Trump supporters have a sexist field day with Elizabeth Warren
On Monday, Massachusetts Senator Elizabeth Warren went in hard on GOP presidential frontrunner Donald Trump, calling him a loser, a failed businessman and a serious threat in a series of Tweets. Trump responded by snidely referring to her as "the Indian" at a Washington D.C. press conference. Within hours, Warren's social media accounts were flooded with sexist online harassment. Tale as old as time.
Warren has long drawn ire from Native Americans and right wing detractors alike for claiming, without any proof, that her great, great, great grandmother was Cherokee. But after Trump mocked the Massachusetts senator, online criticism aimed Warren's way took on an misogynist bent. Vocativ's technology analyzed tweets with Warren's name or official Twitter handles, revealing she was almost never called a "hag," "cunt" or "dyke" in weeks prior to attacking Trump. Within hours of Trump's response to Warren's jabs, that changed. As we've seen in the past with journalists Megyn Kelly and Michelle Fields, the majority of the insults reference Trump's own words. In Warren's case, popular insults included "squaw" and Indian bitch, plus hashtags like #bulldyke and the extraordinarily mature #danceswithuglyface.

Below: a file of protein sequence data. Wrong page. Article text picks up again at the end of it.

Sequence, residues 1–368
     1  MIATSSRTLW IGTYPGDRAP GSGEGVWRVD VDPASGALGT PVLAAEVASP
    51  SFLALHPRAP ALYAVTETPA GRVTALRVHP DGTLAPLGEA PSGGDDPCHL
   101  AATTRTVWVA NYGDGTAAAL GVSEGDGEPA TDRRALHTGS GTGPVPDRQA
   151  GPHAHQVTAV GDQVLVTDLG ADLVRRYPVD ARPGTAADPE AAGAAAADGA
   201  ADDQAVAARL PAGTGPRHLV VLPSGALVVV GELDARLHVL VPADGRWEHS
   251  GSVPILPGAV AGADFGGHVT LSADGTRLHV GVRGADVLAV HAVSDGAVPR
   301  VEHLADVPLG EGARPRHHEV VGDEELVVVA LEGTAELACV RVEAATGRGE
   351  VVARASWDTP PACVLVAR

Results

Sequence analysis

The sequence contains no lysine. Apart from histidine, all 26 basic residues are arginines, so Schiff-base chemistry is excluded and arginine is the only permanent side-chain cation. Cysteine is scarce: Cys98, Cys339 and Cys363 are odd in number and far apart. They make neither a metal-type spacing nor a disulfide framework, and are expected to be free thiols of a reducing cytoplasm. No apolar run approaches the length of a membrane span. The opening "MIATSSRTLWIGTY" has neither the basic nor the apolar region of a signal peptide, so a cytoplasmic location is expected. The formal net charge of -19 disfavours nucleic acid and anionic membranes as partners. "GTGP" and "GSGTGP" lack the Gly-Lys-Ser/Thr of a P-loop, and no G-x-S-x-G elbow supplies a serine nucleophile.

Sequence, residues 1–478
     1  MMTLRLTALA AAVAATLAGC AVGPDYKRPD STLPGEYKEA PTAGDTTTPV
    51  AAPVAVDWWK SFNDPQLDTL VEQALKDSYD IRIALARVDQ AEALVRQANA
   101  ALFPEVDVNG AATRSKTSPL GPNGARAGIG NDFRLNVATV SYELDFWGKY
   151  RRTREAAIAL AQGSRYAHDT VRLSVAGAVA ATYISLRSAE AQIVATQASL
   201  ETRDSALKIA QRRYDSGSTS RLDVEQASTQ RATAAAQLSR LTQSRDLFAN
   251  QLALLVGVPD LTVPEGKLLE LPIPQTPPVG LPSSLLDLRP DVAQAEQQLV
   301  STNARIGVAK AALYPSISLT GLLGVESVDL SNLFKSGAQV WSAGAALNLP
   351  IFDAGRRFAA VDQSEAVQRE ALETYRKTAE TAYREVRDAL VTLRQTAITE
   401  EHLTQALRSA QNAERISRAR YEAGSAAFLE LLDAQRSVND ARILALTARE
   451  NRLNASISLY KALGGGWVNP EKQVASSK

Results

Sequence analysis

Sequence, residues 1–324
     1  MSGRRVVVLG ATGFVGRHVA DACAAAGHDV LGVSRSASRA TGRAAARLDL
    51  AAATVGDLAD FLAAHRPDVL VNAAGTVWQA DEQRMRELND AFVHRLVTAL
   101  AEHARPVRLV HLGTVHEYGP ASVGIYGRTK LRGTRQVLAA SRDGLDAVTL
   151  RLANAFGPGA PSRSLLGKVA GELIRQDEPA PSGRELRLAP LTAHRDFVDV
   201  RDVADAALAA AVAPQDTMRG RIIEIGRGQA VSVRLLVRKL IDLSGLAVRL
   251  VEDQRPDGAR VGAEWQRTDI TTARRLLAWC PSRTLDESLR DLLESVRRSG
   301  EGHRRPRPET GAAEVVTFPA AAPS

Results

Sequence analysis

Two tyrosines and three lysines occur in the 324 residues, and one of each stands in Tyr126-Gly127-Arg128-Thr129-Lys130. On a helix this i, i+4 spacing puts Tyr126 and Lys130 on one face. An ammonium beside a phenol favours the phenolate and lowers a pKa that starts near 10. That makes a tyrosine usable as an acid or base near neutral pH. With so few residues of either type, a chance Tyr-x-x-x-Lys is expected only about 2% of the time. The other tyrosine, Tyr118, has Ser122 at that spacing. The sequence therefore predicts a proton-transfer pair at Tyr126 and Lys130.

Throughout their attacks on women in particular, Trump supporters follow consistent patterns: harping on the target's sexuality and "typical" female dishonesty. Their outrage often refers to "feminists" or plural women, rather than solely the target, revealing a broader societal outrage. In Warren's case, in addition to explicit slurs, hundreds more ranted about the senator using classic words men use to dismiss women, that she is a "crazy" old lady who needs sexual attention to quiet her outspoken manner. Hundreds of tweets used "old" as part of a demeaning label, such as old prune. Many galvanized the notion that Warren is a "bitter feminist" who needs to be "put in her place." From Reddit to Instagram, Trump supporters unleashed a tirade of misogyny, often tinged with excitement about the prospect of what would happen to women like Warren if Trump is elected. Vocativ's technology revealed another similarity between Trump supporters' attacks against Warren and women journalists; in each case several dozen of those attacks referenced rape.
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